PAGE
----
Prosody and Articulation

Prosody and Articulation

Disordered Prosody and Articulation in Children with CAS

What’s the Relationship?

By

Amy Meredith, Ph.D., CCC-SLP

Children with childhood apraxia of speech (CAS) are frequently noted in the literature as having disordered prosody. Prosody refers to intonation, stress pattern, loudness variations, pausing, and rhythm. We express prosody mainly by varying pitch, loudness, and duration. We also may use greater articulatory force to emphasize a word or phrase. Children with CAS are frequently reported to have prosodic errors as well as many speech sound errors. Often, these prosodic errors and articulation errors are thought of as two separate entities. The purpose of this article is to highlight potential relationships between speech characteristics of CAS, as well as the efforts to improve speech sound accuracy, and their impact on prosody.

Children with CAS have been reported to sound:

  • robotic-like, producing each syllable one at a time and with equal stress
  • aprosodic (i.e., decreased intonation patterns, monotone)
  • dysprosodic (i.e., using prosody that doesnt match the expected intonation pattern)
  • slow and choppy
  • too fast

English-speaking children with CAS have also been observed to use word stress patterns that are similar to children younger than they are who are developing typically (i.e., 2-4 years of age). More specifically, children with CAS are more successful producing words with a strong-weak stress pattern (e.g., baby) than a weak-strong stress pattern (e.g., guitar). Children with CAS may have more success with strong-weak stress pattern words because one; they have had more practice with them and two; they may be easier to produce.

However, as previously mentioned, children with CAS frequently produce other types of prosodic errors, as well. When considering the types of sound errors children with CAS typically make, it is easy to see why we perceive disordered prosody. If we think about the effort required for correct articulation, it is also makes sense that prosody suffers. The following table summarizes common speech characteristics or errors of CAS and how they interact with prosody.

Table 1. Effects of CAS Speech Characteristics on Prosody

Speech Characteristic/Error Example Potential Effect on Prosody
Deleting weak syllables Child says ‘nana’ for ‘banana’ or ‘tar’ for ‘guitar Deletion of weak syllables will leave a phrase with each syllable equally stressed. The normal stress pattern in sentences is to have an alternation between strong and weak syllables.
Vowel errors, such as tense/lax or lax/tense vowels, or vowelization of syllablic consonants Child says ‘baba’ for ‘baby’ or ‘lito’ for ‘little’ Lexical stress errors.
Omissions (leaving out sounds) ‘un’ for ‘sun’; awewi’ for ‘strawberry’ Increased rate of speech
Substitution of glottal stops for other consonants /?en ?i ?o ?om for “When do we go home?” choppy
poor intelligibility “I-awa-a-mo” for “I want to go home.” Perception of increased rate of speech (similar effect as when listening to someone who speaks a different language)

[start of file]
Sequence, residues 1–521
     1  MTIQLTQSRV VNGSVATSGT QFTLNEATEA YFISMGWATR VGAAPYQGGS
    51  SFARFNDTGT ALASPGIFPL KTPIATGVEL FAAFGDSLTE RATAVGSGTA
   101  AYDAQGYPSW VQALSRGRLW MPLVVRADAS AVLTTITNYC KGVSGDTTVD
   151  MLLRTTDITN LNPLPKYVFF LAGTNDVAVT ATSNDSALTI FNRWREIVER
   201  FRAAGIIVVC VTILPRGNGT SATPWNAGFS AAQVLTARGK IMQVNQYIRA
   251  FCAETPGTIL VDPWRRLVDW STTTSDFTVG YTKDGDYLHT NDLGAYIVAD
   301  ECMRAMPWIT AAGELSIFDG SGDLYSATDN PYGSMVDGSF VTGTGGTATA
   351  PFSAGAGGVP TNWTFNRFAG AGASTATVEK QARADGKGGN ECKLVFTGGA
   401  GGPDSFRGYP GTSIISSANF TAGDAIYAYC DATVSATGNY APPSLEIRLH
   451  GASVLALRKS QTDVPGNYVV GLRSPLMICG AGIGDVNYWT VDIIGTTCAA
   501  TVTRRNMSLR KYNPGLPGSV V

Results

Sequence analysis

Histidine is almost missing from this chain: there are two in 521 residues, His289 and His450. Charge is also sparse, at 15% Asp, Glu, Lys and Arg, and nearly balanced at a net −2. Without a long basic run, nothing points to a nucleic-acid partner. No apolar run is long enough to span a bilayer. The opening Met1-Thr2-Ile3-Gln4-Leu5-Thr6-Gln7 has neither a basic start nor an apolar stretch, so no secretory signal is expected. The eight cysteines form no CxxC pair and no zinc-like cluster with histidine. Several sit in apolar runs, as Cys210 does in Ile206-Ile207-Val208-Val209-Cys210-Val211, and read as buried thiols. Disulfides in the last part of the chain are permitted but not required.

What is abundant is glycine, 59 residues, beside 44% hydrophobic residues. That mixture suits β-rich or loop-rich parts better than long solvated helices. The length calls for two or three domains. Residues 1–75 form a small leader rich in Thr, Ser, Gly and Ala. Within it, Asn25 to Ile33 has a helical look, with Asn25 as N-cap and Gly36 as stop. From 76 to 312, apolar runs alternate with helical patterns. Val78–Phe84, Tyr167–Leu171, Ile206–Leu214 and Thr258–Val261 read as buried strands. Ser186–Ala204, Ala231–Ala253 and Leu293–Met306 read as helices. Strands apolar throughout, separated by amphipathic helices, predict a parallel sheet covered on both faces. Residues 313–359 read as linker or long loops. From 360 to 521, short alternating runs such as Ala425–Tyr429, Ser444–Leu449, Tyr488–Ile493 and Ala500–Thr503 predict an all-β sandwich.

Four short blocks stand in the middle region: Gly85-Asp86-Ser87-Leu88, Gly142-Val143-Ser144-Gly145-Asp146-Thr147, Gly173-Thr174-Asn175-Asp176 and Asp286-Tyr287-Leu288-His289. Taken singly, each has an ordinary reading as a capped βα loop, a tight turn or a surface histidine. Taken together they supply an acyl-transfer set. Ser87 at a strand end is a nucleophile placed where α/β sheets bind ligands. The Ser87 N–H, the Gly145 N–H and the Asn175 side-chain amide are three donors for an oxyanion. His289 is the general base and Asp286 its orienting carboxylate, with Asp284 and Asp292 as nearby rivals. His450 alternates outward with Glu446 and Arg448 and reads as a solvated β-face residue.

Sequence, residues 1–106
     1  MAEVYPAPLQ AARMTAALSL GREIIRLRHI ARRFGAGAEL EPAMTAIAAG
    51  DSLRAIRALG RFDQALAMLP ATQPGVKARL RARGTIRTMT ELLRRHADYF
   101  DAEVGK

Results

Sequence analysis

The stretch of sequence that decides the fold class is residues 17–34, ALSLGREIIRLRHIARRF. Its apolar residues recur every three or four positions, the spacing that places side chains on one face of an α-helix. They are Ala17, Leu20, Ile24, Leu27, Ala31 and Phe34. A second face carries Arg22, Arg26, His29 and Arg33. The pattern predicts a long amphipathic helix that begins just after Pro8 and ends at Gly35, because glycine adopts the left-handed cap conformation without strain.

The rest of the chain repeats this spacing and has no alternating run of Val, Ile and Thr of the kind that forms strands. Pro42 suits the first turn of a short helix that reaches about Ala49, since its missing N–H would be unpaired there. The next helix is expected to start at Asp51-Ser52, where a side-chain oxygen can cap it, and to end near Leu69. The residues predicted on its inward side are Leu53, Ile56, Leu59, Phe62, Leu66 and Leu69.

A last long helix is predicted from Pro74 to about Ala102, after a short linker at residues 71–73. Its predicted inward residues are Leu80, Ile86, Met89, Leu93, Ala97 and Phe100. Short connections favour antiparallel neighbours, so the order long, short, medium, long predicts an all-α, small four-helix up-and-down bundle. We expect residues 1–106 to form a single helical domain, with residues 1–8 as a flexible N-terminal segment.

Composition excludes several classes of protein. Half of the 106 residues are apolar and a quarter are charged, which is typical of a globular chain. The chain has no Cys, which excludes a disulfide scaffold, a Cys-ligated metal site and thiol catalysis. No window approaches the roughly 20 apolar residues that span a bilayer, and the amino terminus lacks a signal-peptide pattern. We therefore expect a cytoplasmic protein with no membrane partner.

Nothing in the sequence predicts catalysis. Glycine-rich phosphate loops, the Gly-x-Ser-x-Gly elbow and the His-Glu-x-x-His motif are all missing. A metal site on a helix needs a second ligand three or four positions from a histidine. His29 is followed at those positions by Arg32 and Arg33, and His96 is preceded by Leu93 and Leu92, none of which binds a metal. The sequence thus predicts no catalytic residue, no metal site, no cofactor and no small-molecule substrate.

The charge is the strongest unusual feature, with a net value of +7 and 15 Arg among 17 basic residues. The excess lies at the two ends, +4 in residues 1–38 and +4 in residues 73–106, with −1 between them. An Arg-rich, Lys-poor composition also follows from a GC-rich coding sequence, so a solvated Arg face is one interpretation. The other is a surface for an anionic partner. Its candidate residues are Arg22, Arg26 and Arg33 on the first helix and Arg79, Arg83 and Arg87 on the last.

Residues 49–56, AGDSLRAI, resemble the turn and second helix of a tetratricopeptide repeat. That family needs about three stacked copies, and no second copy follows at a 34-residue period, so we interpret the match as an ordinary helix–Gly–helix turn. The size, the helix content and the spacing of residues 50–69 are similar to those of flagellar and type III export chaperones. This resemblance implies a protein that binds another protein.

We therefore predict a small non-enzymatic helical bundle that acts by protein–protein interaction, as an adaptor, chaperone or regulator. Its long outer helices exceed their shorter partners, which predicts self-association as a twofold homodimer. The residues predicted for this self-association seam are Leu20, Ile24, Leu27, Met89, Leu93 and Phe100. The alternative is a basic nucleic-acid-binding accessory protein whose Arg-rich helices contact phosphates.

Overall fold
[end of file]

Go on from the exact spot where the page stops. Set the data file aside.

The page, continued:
increased effort on sequencing movement for speech “I – want – to – go – now.” Decreased rate and sounding robotic by producing one syllable at a time.

In addition to articulatory effort and speech errors interfering with prosody, there is also the aspect of speech development to consider. Children with CAS are often characterized as having been quiet babies. Children who were quiet and did not babble missed the opportunity to practice/achieve rhythmic organization through babbling. Babbling provides the opportunity to organize phonation, articulation and respiration in a rhythmic style as evidenced by the childs prosody when vocalizing.

There are also several effects that speech therapy can have on prosody, not all of them positive. Many techniques speech therapists use promote correct articulation at the expense of natural sounding prosody. The following table summarizes common therapy techniques and their effect on prosody.

Table 2. Potential effects of therapy on prosody

Therapy Target Example Effect on Prosody
sound (s) being targeted are overemphasized “Tell me ‘errrr’ now tell me teacher Misplaced word stress. Longer sound durations of the target sounds.
multisyllabic phrases or words are said while tapping out syllables “tell me ba-na-na” This can lead to equal stress on each syllable, making the child sound robotic
Decreasing rate Spending more time on each sound being produced ‘sssuuuuuuuunnnnn’ for ‘sun’ Slow rate of speech

Historically, speech therapists have not generally been trained to think about what to do with a child with CAS once he or she has obtained all of their sounds and syllable shapes and have increased intelligibility. The focus of treatment is often on improving the motor plans and sequences needed for speech production to increase intelligibility. In other words, the clinician will carefully construct treatment phrases to increase syllable shapes (e.g., bow, boat, boats), sound sequences (e.g., cat and tack), and phrase lengths (e.g., I want more, I want more milk, I want more milk please). During treatment it is easy to fall into accentuating targets unnaturally and thus modeling inappropriate prosody, as in the first example provided in table 2. In addition, motor skill learning principles applied to speech therapy encourage decreasing rate and giving numerous opportunities to practice the motor speech skill. Children will produce utterances in the way they are modeled. That means they will use extra articulatory force, produce multisyllabic utterances syllable by syllable, and prolong syllables, etc. if that is what is modeled. Thus, speech therapists need to be mindful of how therapy is impacting the naturalness of the childs speech as they work on accuracy of sequencing articulatory gestures for clear articulation. Often these unnatural models are necessary for the child to hear, see and feel the appropriate articulatory configurations initially. However, as soon as the child has learned it, the model needs to become more natural.